A naming controversy over a statue of a brutal Spanish conqueror grips the Southwest city.
Before the first year was out, the Indians of Acoma rebelled and killed 11 Spanish soldiers, including Oñate's nephew. Oñate's response was swift and harsh, wiping out their village, killing hundreds of men, women and children and famously severing one foot of each adult male survivor.
Sculptor John Sherrill Houser, who worked 10 years on the Oñate statue, says his goal was never to honor the man as an individual. "People think monumental sculpture is supposed to glorify heroes," he told me, "but I wanted to find a figure to represent a stage in history. It's not a value judgment but a way to make people aware of the past."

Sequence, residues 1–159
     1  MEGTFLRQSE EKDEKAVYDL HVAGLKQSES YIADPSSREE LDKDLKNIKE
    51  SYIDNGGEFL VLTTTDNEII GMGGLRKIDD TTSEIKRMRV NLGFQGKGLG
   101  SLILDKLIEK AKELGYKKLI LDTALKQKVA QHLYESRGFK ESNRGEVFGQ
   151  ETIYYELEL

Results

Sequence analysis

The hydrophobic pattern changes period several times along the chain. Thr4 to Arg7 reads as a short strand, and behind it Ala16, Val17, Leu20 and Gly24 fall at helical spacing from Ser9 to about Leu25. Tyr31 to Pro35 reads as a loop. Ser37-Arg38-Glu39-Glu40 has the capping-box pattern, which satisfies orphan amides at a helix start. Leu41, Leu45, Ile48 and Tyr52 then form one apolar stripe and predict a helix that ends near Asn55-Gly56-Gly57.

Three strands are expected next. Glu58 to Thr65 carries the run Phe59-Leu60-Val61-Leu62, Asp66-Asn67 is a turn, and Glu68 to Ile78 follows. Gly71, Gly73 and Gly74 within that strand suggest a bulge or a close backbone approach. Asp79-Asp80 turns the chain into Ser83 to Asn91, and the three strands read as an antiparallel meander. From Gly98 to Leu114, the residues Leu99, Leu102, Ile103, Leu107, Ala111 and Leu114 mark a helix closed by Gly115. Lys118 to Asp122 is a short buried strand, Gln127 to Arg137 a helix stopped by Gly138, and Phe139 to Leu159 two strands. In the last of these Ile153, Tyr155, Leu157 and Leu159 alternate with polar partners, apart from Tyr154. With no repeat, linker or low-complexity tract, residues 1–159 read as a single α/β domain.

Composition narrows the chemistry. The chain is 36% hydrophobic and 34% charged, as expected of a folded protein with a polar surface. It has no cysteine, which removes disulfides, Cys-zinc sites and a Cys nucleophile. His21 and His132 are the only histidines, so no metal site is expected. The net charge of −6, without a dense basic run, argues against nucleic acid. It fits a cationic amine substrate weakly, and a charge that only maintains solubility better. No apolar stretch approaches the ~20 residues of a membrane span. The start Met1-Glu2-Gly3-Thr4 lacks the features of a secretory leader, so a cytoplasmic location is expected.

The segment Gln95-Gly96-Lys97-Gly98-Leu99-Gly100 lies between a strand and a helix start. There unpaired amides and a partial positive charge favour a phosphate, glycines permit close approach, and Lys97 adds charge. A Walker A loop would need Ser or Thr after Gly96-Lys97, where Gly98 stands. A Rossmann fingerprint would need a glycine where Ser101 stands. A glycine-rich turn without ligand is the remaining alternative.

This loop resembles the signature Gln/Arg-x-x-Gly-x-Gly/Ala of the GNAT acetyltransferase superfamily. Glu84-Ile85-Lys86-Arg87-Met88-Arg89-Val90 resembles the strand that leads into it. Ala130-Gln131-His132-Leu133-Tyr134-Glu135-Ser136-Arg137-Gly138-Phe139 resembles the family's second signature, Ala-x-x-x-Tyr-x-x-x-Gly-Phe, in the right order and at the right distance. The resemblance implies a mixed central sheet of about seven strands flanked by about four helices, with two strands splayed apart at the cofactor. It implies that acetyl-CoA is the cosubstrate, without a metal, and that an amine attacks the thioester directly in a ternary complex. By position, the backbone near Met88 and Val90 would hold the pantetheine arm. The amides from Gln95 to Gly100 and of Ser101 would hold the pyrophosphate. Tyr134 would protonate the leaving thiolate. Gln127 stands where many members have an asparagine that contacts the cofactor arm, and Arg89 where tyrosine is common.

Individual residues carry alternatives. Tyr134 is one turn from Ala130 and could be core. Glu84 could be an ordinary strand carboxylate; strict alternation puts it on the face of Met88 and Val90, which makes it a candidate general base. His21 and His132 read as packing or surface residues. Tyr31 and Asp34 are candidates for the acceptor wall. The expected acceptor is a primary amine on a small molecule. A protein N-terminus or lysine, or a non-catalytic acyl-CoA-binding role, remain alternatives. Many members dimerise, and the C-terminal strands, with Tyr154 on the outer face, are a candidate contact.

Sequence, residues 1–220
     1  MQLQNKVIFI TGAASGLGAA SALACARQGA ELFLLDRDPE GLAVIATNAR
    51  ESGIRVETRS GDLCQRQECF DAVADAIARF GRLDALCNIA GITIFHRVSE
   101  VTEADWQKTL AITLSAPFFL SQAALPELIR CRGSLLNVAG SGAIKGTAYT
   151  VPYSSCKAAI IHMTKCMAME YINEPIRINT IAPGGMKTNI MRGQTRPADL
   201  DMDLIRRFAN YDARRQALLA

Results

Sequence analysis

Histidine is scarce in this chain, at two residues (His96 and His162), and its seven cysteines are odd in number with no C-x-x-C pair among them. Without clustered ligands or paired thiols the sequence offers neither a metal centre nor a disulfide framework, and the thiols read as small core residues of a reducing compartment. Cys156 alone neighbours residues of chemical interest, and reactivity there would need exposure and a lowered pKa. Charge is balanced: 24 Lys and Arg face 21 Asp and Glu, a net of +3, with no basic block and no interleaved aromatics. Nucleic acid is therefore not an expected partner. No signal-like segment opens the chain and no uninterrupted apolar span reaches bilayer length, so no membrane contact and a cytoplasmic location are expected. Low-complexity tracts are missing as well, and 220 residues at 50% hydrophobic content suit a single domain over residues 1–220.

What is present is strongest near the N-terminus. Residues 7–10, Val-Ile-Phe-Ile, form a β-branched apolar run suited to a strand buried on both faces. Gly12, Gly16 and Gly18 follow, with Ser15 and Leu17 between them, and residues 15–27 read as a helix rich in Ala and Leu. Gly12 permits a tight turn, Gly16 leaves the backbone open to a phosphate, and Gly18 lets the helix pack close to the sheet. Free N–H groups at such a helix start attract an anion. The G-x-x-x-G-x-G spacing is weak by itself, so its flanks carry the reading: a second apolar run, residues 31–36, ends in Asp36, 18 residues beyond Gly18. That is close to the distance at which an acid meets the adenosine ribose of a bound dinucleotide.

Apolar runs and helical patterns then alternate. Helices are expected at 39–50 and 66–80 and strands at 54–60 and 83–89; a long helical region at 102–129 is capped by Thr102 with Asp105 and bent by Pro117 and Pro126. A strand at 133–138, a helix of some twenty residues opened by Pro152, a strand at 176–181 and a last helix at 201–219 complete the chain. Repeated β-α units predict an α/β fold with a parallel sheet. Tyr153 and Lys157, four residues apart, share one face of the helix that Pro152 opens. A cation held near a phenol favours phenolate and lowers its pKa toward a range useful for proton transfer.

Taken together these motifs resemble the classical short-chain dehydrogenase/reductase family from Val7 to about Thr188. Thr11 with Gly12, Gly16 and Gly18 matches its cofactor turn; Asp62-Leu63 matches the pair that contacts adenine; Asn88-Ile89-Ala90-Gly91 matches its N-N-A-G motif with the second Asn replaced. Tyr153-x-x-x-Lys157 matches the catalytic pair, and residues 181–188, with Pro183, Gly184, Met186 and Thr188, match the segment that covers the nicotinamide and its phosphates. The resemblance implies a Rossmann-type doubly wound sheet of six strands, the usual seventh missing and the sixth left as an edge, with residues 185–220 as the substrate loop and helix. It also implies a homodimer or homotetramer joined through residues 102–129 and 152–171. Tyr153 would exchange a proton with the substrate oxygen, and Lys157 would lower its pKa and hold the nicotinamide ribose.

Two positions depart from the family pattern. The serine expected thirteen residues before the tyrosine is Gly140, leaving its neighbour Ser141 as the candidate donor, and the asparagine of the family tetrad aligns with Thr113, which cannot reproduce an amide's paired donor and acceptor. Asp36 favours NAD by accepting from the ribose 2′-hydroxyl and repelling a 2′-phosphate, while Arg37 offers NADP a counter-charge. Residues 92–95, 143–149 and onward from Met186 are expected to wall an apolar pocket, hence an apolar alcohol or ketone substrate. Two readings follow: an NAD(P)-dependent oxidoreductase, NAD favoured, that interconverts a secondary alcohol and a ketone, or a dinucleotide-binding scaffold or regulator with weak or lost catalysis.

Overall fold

If you want to represent history, show Oñate butchering an Acoma Indian. Then tell people there's no value judgment and you're just depicting history the way it was.
You'll never see the non-Native majority sanction such a statue. Why not? Because this is all about glorifying Hispanic heroes--despite the sculptor's disingenous remarks.
See Best Monuments to Topple for more on the subject.